On March 16, An Post issued a stamp to celebrate Emoji.
Emoji are ideograms or smiley faces used in text and electronic messages and webpages. They are used much like emoticons (facial expression such as a smile or frown, formed using keyboard characters) and exist in various genres, including comic faces, common objects, places and types of weather and animals. Originally meaning pictograph, the word emoji comes from Japanese e (picture) + moji (character).
These small digital icons that are used to express an idea or emotion, originated on Japanese mobile phones in the late 1990s. Their popularity exploded, however, when Apple, Android and other mobile operating systems began to include them in their phones.
Emoji has now become a worldwide, language-independent form of communication. Some might even argue that emoji is a form of pop art and they might have a valid point: There are now thousands of emoji used daily worldwide to convey humour, enhance messaging, make a point or to describe things.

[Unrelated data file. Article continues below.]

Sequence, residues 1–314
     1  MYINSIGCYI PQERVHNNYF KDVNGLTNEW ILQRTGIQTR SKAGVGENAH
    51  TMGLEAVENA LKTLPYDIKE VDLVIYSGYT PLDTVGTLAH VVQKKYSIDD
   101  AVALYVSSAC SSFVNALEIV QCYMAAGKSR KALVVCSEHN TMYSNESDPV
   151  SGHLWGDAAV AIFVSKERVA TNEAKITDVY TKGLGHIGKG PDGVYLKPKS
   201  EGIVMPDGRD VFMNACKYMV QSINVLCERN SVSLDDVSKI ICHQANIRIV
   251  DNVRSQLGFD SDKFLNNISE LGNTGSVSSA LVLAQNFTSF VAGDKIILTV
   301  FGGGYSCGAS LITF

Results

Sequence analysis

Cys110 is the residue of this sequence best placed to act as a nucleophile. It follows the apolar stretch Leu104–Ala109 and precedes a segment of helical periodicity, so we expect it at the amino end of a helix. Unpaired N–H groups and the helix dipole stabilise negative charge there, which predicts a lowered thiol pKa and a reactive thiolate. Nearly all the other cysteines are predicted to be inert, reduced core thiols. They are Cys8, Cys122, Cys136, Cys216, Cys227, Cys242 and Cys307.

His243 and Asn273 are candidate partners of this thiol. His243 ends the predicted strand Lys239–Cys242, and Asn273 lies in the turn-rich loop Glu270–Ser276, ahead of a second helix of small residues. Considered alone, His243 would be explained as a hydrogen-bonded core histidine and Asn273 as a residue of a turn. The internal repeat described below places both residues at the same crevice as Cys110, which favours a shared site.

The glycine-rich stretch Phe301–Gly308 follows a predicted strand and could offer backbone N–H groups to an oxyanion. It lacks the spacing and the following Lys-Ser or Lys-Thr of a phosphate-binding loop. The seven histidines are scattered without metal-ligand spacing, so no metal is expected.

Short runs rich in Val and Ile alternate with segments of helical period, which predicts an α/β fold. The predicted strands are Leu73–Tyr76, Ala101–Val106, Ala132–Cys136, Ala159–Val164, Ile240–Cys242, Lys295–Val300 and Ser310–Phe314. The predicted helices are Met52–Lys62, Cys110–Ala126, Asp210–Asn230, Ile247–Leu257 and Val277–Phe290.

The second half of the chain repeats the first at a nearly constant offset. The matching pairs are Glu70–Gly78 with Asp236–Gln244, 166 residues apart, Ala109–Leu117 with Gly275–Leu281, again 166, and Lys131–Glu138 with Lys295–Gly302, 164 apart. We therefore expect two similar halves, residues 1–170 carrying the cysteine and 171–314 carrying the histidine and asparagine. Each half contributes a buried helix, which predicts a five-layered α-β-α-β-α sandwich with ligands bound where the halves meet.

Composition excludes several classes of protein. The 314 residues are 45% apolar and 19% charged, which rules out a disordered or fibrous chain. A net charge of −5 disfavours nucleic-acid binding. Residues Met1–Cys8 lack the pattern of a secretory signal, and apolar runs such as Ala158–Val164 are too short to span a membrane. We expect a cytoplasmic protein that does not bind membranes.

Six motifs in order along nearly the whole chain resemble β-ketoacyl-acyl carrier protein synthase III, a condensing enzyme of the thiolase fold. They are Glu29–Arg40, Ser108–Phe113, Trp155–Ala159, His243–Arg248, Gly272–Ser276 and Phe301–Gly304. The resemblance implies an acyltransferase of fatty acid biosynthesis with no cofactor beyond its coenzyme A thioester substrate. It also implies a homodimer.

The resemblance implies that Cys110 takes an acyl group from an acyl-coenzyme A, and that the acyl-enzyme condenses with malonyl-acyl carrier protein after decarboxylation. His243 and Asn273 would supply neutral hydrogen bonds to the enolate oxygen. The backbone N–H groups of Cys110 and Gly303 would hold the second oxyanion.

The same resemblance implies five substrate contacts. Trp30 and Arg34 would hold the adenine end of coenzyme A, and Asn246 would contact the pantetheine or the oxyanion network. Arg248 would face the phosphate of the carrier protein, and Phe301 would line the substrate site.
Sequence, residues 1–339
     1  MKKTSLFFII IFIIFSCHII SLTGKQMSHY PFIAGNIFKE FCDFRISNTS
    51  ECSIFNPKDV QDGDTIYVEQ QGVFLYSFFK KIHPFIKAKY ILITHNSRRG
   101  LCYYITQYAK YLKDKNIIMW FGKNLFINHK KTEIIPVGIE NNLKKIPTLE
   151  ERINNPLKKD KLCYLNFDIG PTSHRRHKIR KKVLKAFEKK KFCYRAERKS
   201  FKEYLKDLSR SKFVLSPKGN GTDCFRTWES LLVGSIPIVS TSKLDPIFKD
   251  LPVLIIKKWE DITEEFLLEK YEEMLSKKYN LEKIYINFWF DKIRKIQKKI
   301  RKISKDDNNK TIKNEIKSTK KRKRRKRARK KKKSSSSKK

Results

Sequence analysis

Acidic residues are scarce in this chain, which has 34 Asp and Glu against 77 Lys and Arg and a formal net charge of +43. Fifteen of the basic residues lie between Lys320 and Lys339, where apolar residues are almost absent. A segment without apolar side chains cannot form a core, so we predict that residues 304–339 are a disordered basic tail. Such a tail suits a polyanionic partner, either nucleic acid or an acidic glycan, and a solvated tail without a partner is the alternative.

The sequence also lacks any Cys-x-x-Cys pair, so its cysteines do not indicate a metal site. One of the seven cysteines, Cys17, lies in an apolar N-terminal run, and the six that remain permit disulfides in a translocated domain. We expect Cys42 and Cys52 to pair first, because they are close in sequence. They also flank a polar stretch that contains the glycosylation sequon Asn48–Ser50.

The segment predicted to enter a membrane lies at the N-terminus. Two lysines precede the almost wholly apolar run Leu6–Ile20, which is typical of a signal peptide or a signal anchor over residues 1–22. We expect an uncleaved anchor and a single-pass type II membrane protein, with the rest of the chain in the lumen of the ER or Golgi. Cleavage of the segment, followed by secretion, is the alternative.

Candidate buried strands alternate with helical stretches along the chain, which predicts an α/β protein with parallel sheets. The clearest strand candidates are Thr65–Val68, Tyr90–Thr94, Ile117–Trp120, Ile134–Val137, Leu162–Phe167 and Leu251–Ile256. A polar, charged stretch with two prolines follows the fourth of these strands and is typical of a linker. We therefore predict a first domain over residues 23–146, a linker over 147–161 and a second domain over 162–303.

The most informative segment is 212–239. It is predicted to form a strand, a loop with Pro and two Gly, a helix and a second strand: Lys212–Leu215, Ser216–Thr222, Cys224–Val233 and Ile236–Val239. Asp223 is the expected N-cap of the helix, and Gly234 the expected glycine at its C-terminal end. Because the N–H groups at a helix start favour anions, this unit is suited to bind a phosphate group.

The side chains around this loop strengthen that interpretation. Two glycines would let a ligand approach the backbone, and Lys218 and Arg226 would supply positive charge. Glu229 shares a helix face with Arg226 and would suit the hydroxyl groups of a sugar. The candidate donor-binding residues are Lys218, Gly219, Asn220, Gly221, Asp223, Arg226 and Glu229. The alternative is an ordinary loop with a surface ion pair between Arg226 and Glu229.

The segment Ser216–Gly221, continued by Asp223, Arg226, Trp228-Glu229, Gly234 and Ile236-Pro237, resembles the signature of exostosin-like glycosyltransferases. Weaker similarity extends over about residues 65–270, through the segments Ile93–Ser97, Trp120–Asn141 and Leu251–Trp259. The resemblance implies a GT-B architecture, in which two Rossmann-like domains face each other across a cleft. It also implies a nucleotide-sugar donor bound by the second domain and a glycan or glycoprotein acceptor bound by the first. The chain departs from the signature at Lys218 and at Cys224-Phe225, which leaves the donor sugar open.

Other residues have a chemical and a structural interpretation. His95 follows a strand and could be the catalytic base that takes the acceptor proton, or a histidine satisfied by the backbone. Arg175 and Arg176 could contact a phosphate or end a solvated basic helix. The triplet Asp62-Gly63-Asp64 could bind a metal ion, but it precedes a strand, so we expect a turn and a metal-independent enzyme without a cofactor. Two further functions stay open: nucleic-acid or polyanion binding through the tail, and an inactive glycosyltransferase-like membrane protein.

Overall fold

To mark the rise of emoji in society around the world, An Post approached Dublin designers The Stone Twins now based in Holland to create an appropriate design and these are the two stamps they came up with. These stamps feature a range of emoji with the headlines ‘Don’t Worry’ and ‘Be Happy’ (‘Ná Bí Buartha’ and ‘Bí Sona’ in Irish).
Instantly recognisable worldwide, these new emoji stamps should prove popular with people of all ages as well as collectors.